You would probably want to use resolution is empty as the subquery, to filter out issues that have been completed.
Search for issues where the work logged exceeded the original estimate by more than 5 days (normalised for timetracking, so > 40 hours work logged):
Search for issues which, if their remaining estimate is valid, are going to miss their due date. You could devote extra resources to these to ensure that doesn't happen:
Alternatively use a date custom field such as DeliveryDate, instead of duedate.
Find issues where the product of two number custom fields is greater than X:
You don't need to read this to use this function, but it's here for completeness.
To speed things along, this function filters out any issues that have an unset or default value, so for instance StoryPoints * BusinessValue == 0 won't find issues where either field was never set, rather than being explicitly set to zero. If this is an issue you could add a clause to your query: or StoryPoints is empty or BusinessValue is empty, outside the function.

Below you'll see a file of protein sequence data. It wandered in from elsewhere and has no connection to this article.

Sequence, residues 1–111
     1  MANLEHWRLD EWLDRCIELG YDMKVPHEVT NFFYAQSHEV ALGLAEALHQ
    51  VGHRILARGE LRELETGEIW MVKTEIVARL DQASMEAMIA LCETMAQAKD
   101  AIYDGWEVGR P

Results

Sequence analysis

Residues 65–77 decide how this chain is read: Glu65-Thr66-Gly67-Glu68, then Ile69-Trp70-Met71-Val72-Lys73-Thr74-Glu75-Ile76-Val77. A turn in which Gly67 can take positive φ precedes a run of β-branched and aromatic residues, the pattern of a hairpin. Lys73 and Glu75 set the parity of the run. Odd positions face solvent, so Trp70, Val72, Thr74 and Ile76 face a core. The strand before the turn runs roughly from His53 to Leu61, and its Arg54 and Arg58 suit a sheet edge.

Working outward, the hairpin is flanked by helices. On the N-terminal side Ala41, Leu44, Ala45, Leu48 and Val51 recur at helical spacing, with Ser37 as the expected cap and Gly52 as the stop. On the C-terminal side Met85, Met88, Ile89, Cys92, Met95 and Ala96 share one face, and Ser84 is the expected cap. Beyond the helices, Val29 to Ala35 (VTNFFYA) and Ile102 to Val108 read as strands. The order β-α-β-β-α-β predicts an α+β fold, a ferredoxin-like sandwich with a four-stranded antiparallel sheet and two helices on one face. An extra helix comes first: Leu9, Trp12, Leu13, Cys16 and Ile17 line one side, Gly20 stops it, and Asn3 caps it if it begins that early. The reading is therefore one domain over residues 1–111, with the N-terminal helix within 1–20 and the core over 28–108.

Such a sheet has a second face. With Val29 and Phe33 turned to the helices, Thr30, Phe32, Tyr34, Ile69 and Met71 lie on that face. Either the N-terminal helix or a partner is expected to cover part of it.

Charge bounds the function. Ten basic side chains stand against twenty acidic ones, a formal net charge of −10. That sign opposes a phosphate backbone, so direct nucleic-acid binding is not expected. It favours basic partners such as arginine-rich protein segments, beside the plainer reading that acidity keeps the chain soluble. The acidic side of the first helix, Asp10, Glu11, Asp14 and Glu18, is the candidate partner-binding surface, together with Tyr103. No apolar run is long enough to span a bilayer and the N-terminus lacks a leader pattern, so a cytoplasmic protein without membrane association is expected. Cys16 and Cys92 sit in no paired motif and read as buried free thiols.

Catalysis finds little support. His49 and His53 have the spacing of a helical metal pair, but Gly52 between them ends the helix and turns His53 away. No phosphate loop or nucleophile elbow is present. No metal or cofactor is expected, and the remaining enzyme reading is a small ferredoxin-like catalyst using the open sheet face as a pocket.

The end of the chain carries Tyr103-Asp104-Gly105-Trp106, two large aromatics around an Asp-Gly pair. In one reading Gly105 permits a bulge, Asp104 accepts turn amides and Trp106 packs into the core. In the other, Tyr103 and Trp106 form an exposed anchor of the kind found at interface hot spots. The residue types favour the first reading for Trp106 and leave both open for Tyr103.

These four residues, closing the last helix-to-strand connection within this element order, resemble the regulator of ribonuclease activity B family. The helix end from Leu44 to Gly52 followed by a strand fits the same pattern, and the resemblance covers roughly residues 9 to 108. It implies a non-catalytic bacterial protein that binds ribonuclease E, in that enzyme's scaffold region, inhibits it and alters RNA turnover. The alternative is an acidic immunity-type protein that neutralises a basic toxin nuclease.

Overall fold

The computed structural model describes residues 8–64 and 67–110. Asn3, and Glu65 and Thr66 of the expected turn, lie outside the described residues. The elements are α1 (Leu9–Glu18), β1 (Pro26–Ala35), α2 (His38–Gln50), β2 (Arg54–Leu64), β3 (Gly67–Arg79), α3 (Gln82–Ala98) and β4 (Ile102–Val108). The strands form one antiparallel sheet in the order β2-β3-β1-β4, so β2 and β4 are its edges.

Use brackets to specify operator precedence: StoryPoints * (BusinessValue + 10) > 100.
The only constants available are today - current datetime, d - day, and w - week.
This function will adjust estimate and timespent fields to account for timetracking, so that they can be compared to date fields. So one day logged is actually stored internally as 8 hours (assuming 8 hour day set up in timetracking). If you want to use say, four hours in your estimate expression, use 0.5 * d.
This function could replace dateCompare - ideally use this and not dateCompare.